Mr. Tippet, who had lived three years with this people, knew only three cases of cannibalism; and the Rev. Mr. Walker agreed with other excellent authorities, that it is a rare incident even in the wildest parts–perhaps opportunity only is wanted. As will appear from the Fan’s bill of fare, anthropophagy can hardly be caused by necessity, and the way in which it is conducted shows that it is a quasi-religious rite practised upon foes slain in battle, evidently an equivalent of human sacrifice.
If the whole body cannot be carried off, a limb or two is removed for the purpose of a roast. The corpse is carried to a hut built expressly on the outskirts of the settlement; it is eaten secretly by the warriors, women and children not being allowed to be present, or even to look upon man’s flesh; and the cooking pots used for the banquet must all be broken.
A joint of “black brother” is never seen in the villages: “smoked human flesh” does not hang from the rafters, and the leather knife-sheaths are of wild cow; tanned man’s skin suggests only the tannerie de Meudon, an advanced “institution.”
Yet Dr. Schweinfurth’s valuable travels on the Western Nile prove that public anthropophagy can co-exist with a considerable amount of comfort and, so to speak, civilization–witness the Nyam-Nyam and Mombattu (Mimbuttoo).
The sick and the dead are uneaten by the Fan, and the people shouted with laughter when I asked a certain question. The “unnatural” practice, which, by the by, has at different ages extended over the whole world, now continues to be most prevalent in places where, as in New Zealand, animal food is wanting; and everywhere pork readily takes the place of “long pig.”
The damp and depressing atmosphere of equatorial Africa renders the stimulus of flesh diet necessary. The Isangu, or Ingwanba, the craving felt after a short abstinence from animal food, does not spare the white traveller more than it does his dark guides; and, though the moral courage of the former may resist the “gastronomic practice” of breaking fast upon a fat young slave, one does not expect so much from the untutored appetite of the noble savage.
On the eastern parts of the continent there are two cannibal tribes, the Wadoe and the Wabembe; and it is curious to find the former occupying the position assigned by Ptolemy (iv. 8) to his anthropophagi of the Barbaricus Sinus: according to their own account, however, the practice is modern.
When weakened by the attacks of their Wakamba neighbours, they began to roast and eat slices from the bodies of the slain in presence of the foe. The latter, as often happens amongst barbarians, and even amongst civilized men, could dare to die, but were unable to face the horrors of becoming food after death: the great Cortez knew this feeling when he made his soldiers pretend anthropophagy.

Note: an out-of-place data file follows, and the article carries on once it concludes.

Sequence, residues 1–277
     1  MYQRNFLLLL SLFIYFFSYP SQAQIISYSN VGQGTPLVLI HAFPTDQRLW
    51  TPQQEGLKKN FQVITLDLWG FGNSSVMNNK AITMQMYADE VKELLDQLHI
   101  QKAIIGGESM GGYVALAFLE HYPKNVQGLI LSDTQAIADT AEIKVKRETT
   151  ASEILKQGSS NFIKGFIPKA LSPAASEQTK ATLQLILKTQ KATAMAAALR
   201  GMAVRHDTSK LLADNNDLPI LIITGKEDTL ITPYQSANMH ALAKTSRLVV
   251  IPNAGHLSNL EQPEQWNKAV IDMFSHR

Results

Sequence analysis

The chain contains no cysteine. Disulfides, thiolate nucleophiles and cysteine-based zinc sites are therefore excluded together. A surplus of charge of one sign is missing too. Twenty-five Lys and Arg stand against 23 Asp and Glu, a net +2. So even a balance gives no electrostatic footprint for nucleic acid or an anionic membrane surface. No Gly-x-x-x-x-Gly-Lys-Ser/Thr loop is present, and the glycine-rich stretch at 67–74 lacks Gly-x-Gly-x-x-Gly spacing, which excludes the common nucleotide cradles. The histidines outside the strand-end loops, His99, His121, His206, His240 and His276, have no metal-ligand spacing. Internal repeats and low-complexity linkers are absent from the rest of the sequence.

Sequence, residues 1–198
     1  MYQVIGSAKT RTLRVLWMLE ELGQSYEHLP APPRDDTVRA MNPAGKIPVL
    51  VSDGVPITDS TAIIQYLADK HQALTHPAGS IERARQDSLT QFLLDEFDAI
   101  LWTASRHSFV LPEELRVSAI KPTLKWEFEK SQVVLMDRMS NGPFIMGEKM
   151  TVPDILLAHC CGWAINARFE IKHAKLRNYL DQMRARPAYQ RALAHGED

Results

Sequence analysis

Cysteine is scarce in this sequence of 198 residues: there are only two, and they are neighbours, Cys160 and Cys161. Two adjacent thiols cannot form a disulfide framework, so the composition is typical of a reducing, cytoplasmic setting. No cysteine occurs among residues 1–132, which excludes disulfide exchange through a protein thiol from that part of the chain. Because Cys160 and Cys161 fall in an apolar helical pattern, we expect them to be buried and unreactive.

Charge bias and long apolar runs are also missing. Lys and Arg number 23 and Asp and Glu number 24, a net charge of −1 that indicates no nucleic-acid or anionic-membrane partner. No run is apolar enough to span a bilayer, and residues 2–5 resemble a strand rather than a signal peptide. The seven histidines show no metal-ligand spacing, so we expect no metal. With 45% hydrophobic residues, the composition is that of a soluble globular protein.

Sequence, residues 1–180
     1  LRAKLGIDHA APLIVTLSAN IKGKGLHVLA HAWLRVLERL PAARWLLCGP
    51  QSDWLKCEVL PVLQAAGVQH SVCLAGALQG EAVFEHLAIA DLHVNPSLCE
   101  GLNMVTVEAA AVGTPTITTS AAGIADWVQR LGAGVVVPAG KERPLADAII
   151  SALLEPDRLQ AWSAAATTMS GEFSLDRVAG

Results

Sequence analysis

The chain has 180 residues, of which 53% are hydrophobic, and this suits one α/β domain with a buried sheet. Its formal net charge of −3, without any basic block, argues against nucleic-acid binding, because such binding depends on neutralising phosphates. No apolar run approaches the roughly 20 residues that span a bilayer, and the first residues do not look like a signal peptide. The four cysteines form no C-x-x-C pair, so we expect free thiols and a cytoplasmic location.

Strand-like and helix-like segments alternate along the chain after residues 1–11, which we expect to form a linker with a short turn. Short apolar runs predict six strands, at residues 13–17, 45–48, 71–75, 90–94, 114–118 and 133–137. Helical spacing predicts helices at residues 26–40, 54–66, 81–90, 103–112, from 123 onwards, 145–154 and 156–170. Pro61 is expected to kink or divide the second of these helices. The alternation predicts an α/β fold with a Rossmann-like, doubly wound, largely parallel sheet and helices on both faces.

Many of the Wadoe negroids are tall, well made, and light complexioned, though inhabiting the low and humid coast regions– a proof, if any were wanted, that there is nothing unwholesome in man’s flesh. Some of our old accounts of shipwrecked seamen, driven to the dire necessity of eating one another, insinuate that the impious food causes raging insanity.
The Wabembe tribe, occupying a strip of land on the western shore of the Tanganyika Lake, are “Menschenfresser,” as they were rightly called by the authors of the “Mombas Mission Map.” These miserables have abandoned to wild growth a most prolific soil; too lazy and unenergetic to hunt or to fish, they devour all manner of carrion, grubs, insects, and even the corpses of their deceased friends.
The Midgan, or slave-caste of the semi-Semitic Somal, are sometimes reduced to the same extremity; but they are ever held, like the Wendigo, or man-eaters, amongst the North American Indians, impure and detestable. On the other hand, the Tupi- Guaranis of the Brazil, a country abounding in game, fish, wild fruits, and vegetables, ate one another with a surprising relish.
This subject is too extensive even to be outlined here: the reader is referred to the translation of Hans Stade: old travellers attribute the cannibalism of the Brazilian races to “gulosity” rather than superstition; moreover, these barbarians had certain abominable practices, supposed to be known only to the most advanced races.
Anthropophagy without apparent cause was not unknown in Southern Africa. Mr. Layland found a tribe of “cave cannibals” amongst the mountains beyond Thaba Bosigo in the Trans-Gariep Country.He remarks with some surprise, “Horrible as all this may appear, there might be some excuse made for savages, driven by famine to extreme hunger, for capturing and devouring their enemies. But with these people it was totally different, for they were inhabiting a fine agricultural tract of country, which also abounded in game. Notwithstanding this, they were not contented with hunting and feeding upon their enemies, but preyed much upon each other also, for many of their captures were made from amongst the people of their own tribe, and, even worse than this, in times of scarcity, many of their own wives and children became the victims of this horrible practice.”